When Carol Baker, a 76-year-old driver from Annapolis, Maryland, gets behind the wheel of her 2016 Buick Enclave, her phone automatically connects to the car.
She uses the Bluetooth technology to call friends and change the radio station without taking her eyes off the road. But sometimes, the system doesn’t pick up Baker’s voice right away.
“It doesn’t always understand what I’m saying,” she says. “That can be a little frustrating.”
But audio commands and touchscreens in cars are more than frustrating for older drivers — they can be downright dangerous.
Older drivers are more likely to be distracted while driving when using in-vehicle technology than their younger counterparts, according to a report released Thursday by the AAA Foundation for Traffic Safety and the University of Utah.
When performing simple tasks like programming navigation or tuning the radio, drivers between 55 to 75 took their eyes off the road an average of eight seconds longer than those age 21 to 36, the study showed.
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According to AAA, a nonprofit auto group that provides roadside assistance, taking your eyes off the road for two seconds doubles the risk of crashing. Over 3,000 people died while driving distracted in 2017, according to the National Highway Traffic Safety Administration.
“Voice-command functions found in new in-vehicle technology are intended to help drivers by keeping their eyes and attention on the road,” Dr. David Yang, executive director for the AAA Foundation for Traffic Safety said. “Unfortunately, the complexity and poor design of some of these systems could cause more harm for older drivers.”
By 2030, one in five drivers on the road will be over 65 years old, according to AAA.
What’s “in-vehicle technology”?
An in-vehicle information system (IVIS) is the collection of features in a vehicle that allows drivers to complete tasks unrelated to driving while operating the car or truck, according to the AAA report.These systems include voice command options, a screen located in the middle of the dashboard or a rotary wheel in the center console.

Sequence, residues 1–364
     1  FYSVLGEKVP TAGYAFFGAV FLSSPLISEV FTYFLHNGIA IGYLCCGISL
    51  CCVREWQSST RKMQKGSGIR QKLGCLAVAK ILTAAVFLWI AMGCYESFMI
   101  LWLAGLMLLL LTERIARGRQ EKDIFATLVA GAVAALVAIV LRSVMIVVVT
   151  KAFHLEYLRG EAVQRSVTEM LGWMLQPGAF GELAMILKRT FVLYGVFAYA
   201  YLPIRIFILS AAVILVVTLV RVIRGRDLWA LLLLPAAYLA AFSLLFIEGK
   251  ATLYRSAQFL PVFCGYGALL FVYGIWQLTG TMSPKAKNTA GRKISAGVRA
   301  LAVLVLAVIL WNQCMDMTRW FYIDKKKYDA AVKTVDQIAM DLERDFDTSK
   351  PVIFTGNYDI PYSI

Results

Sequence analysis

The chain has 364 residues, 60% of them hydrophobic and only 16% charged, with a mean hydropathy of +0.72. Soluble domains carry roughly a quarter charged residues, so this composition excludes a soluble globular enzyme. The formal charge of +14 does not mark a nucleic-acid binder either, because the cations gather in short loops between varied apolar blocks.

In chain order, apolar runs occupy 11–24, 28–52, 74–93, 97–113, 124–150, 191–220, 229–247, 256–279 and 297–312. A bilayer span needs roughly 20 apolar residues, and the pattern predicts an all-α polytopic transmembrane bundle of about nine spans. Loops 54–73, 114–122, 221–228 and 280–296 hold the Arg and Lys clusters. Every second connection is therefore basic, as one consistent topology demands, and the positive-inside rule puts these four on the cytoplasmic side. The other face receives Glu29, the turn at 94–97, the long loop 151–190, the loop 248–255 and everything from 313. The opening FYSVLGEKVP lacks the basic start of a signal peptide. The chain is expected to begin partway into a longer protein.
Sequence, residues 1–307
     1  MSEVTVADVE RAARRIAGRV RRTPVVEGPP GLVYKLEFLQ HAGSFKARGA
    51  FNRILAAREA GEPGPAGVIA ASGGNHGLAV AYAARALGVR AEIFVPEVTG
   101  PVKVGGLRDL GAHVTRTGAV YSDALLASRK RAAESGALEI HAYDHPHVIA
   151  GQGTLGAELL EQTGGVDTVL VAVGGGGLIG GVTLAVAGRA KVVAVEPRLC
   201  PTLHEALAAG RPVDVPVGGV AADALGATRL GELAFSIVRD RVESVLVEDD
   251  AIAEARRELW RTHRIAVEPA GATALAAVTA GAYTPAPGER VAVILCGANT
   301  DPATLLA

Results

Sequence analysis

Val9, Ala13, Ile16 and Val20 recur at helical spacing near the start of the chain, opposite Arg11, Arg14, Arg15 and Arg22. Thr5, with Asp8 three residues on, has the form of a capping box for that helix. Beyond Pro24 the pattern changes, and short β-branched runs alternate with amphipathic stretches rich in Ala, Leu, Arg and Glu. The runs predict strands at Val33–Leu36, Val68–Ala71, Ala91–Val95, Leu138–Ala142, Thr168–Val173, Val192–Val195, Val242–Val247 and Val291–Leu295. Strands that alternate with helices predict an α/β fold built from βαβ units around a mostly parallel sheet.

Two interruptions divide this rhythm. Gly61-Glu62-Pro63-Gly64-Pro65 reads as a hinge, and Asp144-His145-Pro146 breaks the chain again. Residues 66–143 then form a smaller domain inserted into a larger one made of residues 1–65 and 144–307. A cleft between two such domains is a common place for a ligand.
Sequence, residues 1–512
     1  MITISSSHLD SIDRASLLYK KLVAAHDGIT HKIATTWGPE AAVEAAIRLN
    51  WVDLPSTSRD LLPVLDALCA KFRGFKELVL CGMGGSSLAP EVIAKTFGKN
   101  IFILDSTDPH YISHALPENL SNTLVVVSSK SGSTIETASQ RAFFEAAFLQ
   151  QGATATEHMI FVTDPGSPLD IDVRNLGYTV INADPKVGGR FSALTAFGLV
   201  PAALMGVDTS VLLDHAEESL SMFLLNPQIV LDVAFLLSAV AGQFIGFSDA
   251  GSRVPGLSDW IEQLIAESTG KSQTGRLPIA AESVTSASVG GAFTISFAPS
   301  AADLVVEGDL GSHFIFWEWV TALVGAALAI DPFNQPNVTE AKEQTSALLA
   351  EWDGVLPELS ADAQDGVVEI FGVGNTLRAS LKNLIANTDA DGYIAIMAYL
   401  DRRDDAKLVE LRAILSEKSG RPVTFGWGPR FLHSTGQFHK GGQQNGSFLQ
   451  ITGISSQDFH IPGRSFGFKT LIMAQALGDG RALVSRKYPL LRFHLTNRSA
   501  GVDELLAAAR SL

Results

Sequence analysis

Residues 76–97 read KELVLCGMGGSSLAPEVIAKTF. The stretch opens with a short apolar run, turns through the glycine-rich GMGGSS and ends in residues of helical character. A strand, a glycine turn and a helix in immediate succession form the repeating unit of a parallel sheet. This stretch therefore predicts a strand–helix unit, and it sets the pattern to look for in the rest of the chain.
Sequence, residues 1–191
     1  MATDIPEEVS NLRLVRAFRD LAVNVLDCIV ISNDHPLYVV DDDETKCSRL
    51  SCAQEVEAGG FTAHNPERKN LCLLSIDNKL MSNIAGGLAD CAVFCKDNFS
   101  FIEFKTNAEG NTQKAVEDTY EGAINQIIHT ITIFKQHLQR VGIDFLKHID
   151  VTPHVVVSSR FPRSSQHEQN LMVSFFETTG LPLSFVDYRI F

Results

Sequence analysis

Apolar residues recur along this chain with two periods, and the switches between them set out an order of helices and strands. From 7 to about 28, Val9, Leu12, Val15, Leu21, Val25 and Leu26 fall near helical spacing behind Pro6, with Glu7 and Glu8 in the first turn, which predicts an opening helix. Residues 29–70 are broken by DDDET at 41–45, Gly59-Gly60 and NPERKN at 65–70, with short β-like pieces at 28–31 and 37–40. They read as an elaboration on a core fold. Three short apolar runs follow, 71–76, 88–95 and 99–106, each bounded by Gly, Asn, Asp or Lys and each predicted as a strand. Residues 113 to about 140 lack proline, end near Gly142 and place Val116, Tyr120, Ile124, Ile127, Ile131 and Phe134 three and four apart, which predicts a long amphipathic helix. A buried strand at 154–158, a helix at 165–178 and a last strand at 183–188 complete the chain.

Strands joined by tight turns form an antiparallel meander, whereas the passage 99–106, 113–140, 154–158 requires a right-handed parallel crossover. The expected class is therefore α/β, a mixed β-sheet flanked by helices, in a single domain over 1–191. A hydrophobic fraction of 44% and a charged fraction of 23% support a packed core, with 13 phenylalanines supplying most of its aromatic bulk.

During the study, 128 drivers navigated in-vehicle information systems of six 2018 vehicles, including Audi, Cadillac, Lincoln, Mazda, Nissan and Volvo models. Participants completed tasks using IVIS while driving, including changing the radio station or song selection, calling and dialing phone numbers, texting and plotting navigation.
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Older adults took between 4.7 and 8.6 seconds longer to complete the tasks, responded more slowly to system commands and experienced visual distractions, according to the AAA report. Some operating systems have more complex designs than others, including multiple menus and voice command functions that don’t always work on the first try, which can be frustrating for older drivers.
“This is a design problem, not an age problem,” Jake Nelson, AAA director of traffic safety advocacy and research said. “Designing systems to meet the safety and comfort needs of aging drivers would benefit all of us today.”
AAA recommends drivers avoid using IVIS while on the road, unless an emergency occurs. Travelers could also practice using voice command and touch screen functions when not driving to become more comfortable with the systems, or avoid buying vehicles that require using a center console controller.
Follow USA Today reporter Rebekah Tuchscherer on Twitter @r2sure